Ball Pin Yield Testing

This is a destructive test that we do on new designs, where we push down on the ball and try to get it to break off. We actually want the ball pin to bend and not shatter. Premium ball pins are case hardened and have a softer core so the ball pin will bend rather than break off under extreme load or impact. This testing ensures that the metal properties of the ball pin are where they need to be and that the pin will flex, for safety and a longer service life.


Ball Pin Impact Testing

This is where we simulate an extreme impact using a variety of different weights from a variety of heights, to measure any deflection or cracking, etc. We then take this information and use it to make product improvements.

Ball Pin to Socket Pull-Out & Push-Out Testing

Depending on the design, we try to push or pull the ball pin out of the socket and see how much pressure it takes to break the component apart. We take the product to its limit so we can define that limit. Then we make sure we are always well within the defined limit to produce a stronger and more durable product.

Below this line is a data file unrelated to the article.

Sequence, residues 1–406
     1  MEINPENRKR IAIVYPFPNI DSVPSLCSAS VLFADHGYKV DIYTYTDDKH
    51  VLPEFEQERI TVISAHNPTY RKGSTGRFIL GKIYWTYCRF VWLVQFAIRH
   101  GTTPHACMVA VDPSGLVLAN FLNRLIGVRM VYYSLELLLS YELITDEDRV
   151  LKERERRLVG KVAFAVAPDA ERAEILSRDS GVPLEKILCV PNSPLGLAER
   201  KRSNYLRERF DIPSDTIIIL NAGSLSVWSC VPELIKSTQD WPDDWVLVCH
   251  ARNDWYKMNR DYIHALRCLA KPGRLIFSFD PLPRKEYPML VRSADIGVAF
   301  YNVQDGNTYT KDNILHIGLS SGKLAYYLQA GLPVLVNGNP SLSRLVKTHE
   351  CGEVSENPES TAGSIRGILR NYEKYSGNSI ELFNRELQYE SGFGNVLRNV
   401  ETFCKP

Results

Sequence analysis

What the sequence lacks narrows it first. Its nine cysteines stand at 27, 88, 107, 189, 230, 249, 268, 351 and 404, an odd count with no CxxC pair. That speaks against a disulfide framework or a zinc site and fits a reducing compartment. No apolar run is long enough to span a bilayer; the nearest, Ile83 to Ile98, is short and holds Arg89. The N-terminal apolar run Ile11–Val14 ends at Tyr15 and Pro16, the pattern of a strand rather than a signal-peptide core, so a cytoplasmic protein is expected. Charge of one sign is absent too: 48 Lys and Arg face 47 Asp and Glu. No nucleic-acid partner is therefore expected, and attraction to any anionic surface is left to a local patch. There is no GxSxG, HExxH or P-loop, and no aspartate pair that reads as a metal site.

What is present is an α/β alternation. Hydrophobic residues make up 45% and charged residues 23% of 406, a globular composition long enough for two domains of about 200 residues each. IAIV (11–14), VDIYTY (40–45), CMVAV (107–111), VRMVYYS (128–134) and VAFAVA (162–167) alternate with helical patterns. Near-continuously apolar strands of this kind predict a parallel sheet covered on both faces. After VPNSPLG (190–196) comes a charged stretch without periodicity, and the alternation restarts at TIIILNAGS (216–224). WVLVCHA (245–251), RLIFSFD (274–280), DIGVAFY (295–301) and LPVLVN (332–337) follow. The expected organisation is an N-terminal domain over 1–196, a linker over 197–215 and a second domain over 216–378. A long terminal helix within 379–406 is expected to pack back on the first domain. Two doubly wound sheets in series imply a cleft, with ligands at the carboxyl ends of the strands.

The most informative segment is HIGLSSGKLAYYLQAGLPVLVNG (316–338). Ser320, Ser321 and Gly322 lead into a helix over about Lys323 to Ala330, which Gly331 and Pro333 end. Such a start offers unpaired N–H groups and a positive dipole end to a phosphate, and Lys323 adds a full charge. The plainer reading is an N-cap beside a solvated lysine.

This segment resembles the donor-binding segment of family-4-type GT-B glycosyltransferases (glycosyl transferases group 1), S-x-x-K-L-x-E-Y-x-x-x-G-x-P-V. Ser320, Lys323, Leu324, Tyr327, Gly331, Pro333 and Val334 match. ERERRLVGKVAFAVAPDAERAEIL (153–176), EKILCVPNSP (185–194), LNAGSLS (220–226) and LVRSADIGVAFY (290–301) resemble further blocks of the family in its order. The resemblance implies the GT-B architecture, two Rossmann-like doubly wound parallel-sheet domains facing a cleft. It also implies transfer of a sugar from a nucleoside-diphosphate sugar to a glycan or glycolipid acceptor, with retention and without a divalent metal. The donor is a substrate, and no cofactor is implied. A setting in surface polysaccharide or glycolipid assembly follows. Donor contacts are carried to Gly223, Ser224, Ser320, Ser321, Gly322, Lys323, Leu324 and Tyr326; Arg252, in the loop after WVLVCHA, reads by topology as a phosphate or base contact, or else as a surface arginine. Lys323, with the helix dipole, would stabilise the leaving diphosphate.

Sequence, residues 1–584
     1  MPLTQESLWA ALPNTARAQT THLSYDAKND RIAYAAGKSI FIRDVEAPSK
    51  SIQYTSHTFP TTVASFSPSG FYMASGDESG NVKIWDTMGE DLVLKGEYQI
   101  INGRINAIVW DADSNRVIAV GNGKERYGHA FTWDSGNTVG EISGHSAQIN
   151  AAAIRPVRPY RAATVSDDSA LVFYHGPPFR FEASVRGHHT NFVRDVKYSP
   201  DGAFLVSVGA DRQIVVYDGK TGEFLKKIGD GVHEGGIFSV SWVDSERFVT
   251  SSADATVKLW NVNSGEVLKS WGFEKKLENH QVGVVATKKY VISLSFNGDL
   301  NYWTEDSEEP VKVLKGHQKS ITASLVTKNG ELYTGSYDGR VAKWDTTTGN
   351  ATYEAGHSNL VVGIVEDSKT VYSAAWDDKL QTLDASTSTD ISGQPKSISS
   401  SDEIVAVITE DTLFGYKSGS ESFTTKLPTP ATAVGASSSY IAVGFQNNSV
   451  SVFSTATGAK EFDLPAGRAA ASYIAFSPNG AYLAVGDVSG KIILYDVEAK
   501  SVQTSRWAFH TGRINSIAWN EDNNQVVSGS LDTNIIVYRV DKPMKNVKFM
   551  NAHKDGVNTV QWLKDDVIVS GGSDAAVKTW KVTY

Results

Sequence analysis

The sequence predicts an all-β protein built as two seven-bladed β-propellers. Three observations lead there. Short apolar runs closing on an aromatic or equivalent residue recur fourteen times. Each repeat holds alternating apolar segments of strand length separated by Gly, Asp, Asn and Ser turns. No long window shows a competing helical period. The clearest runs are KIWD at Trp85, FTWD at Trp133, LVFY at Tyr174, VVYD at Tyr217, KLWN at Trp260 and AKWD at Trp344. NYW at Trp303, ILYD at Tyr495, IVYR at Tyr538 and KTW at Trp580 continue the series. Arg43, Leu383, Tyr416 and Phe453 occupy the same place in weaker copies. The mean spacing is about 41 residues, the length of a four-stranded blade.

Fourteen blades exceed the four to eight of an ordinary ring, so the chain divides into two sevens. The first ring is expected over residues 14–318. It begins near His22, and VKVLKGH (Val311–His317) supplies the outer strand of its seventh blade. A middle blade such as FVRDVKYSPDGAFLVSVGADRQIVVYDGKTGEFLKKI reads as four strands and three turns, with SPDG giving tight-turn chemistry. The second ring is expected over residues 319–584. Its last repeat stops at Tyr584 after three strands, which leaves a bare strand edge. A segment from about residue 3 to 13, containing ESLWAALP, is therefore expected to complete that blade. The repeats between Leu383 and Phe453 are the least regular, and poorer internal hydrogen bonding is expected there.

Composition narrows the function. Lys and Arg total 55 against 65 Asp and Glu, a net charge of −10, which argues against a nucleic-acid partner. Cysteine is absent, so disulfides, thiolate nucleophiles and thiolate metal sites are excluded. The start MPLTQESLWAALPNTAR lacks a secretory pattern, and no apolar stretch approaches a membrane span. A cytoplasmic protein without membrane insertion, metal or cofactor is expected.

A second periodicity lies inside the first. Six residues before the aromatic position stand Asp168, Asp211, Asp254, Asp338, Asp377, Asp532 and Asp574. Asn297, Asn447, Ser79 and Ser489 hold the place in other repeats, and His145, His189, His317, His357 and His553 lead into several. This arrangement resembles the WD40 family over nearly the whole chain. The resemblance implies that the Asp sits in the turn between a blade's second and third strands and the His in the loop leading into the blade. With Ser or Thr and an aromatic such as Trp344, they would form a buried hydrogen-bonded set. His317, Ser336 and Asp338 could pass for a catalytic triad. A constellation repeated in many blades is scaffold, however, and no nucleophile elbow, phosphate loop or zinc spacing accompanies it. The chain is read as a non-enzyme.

Ball Joint Durability Testing

We put our ball joints through a durability or lifecycle tester, which swings it back and forth and under different rotations while also adding push and pull forces. This is the best test we have for simulating the punishment the ball joint will receive on a vehicle over the years.



Ball joint durability testing will go on for hundreds of thousands of cycles and run for weeks on end. During this time, the part is removed at set intervals – such as at every 50,000 cycles – and checked for wear and play. This continues until the ball joint reaches its failure point.